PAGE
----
Permanent neonatal diabetes mellitus

Jump to navigation Jump to search

Editor-In-Chief: C. Michael Gibson, M.S., M.D. [1]

Permanent neonatal diabetes mellitus
Classification and external resources
OMIM 606176

A newly identified and potentially treatable form of monogenic diabetes is the neonatal diabetes caused by activating mutations of the KCNJ11 gene, which codes for the Kir6.2 subunit of the beta cell KATP channel.[1][2] This disease is considered to be a type of maturity onset diabetes of the young (MODY).

It can be associated with GCK, KCNJ11, INS, and ABCC8.[3]

Presentation and diagnosis

This results in congenital impairment of insulin release, although in the past, this was always being thought to be unusually early type 1 diabetes mellitus. The insulin deficiency results in intrauterine growth retardation with birth weight small for gestational age. The diabetes is usually diagnosed in the first 3 months of life due to continuing poor weight gain, polyuria, or diabetic ketoacidosis. Rare cases have been recognized as late as 6 months of age.


Remarkably, this type of diabetes often responds well to sulfonylureas and insulin may not be necessary. More severe mutations in the KCNJ11 gene can cause early-onset diabetes which does not respond to the sulfonylurea drugs, as well as a syndrome of developmental delay and neurological features called the DEND syndrome. These forms of diabetes are very rare conditions, appearing in about 1/100,000 to 1/200,000 live births, and accounting for about 1/1000 of type 1 diabetes cases. Fewer than 5% of the cases assumed to exist have been diagnosed, and most diabetes clinics around the world are checking for KCNJ11 mutations in any persons who developed apparent insulin-dependent diabetes without the typical type 1 antibodies before 6 months of age. At least some of these people have been able to change from insulin to sulfonylurea pills after decades of injections.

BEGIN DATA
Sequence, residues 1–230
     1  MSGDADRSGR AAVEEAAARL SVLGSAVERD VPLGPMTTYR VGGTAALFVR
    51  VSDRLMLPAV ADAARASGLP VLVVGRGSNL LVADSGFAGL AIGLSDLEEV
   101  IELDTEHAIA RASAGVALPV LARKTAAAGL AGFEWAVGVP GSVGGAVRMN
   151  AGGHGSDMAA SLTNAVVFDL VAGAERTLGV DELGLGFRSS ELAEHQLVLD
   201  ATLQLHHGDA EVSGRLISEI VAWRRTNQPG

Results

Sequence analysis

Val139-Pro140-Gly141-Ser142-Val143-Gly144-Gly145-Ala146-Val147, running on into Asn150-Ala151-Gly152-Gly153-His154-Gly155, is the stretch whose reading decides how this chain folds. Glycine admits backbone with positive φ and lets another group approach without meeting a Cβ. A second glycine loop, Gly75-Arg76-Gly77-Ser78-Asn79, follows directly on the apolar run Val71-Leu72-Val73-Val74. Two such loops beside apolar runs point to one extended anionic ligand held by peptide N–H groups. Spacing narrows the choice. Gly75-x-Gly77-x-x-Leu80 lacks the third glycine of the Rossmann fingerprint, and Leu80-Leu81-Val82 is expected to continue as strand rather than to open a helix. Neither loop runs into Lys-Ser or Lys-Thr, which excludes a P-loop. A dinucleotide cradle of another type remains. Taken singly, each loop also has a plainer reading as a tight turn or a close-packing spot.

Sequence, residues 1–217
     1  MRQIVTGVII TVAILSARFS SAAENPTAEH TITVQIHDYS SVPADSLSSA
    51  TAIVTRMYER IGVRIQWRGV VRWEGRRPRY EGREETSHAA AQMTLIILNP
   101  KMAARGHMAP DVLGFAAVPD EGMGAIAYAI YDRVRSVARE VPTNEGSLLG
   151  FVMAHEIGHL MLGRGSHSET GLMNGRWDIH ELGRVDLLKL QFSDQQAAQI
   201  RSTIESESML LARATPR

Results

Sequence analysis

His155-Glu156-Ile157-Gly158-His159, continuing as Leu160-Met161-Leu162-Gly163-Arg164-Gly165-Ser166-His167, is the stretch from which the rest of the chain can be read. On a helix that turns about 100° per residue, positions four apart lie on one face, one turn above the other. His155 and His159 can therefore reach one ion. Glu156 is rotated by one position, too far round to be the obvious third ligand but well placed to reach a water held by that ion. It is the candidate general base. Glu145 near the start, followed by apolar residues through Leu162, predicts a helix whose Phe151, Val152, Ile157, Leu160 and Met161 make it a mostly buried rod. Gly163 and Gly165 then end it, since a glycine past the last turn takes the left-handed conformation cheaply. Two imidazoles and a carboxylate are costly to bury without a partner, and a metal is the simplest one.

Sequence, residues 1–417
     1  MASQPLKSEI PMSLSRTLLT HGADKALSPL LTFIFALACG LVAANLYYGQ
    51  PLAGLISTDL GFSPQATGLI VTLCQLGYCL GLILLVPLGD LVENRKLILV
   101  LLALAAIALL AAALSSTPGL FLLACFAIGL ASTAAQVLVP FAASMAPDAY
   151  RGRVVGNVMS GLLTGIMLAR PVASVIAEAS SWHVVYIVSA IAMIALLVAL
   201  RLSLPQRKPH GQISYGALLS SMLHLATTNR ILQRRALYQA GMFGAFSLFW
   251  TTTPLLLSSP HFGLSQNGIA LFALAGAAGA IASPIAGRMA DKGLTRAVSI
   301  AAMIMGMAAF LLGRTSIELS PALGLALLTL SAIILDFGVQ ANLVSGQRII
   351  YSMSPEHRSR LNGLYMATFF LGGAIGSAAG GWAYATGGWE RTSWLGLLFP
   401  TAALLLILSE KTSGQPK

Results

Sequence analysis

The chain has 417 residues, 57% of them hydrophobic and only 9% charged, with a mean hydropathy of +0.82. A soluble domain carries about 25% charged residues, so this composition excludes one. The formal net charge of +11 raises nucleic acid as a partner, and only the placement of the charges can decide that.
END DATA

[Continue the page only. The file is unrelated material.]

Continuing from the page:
1. Hattersley A, Gloyn A, Pearson E, Edgehill E, Flanagan S, Ellard S. Novel monogenic diabetes results from activating mutations in Kir6.2 Presented at the First Meeting for the European Group for the Study of Monogenic Diabetes ("MODY in Malaga"); Malaga, Spain, 21 October 2004. Published form should be available in 2005.
  2. Letha S, Mammen D, Valamparampil JJ (October 2007). "Permanent neonatal diabetes due to KCNJ11 gene mutation". Indian J Pediatr. 74 (10): 947–9. doi:10.1007/s12098-007-0175-y. PMID 17978456. Archived from the original on June 10, 2008.
  3. Online Mendelian Inheritance in Man (OMIM) 606176

External links

See also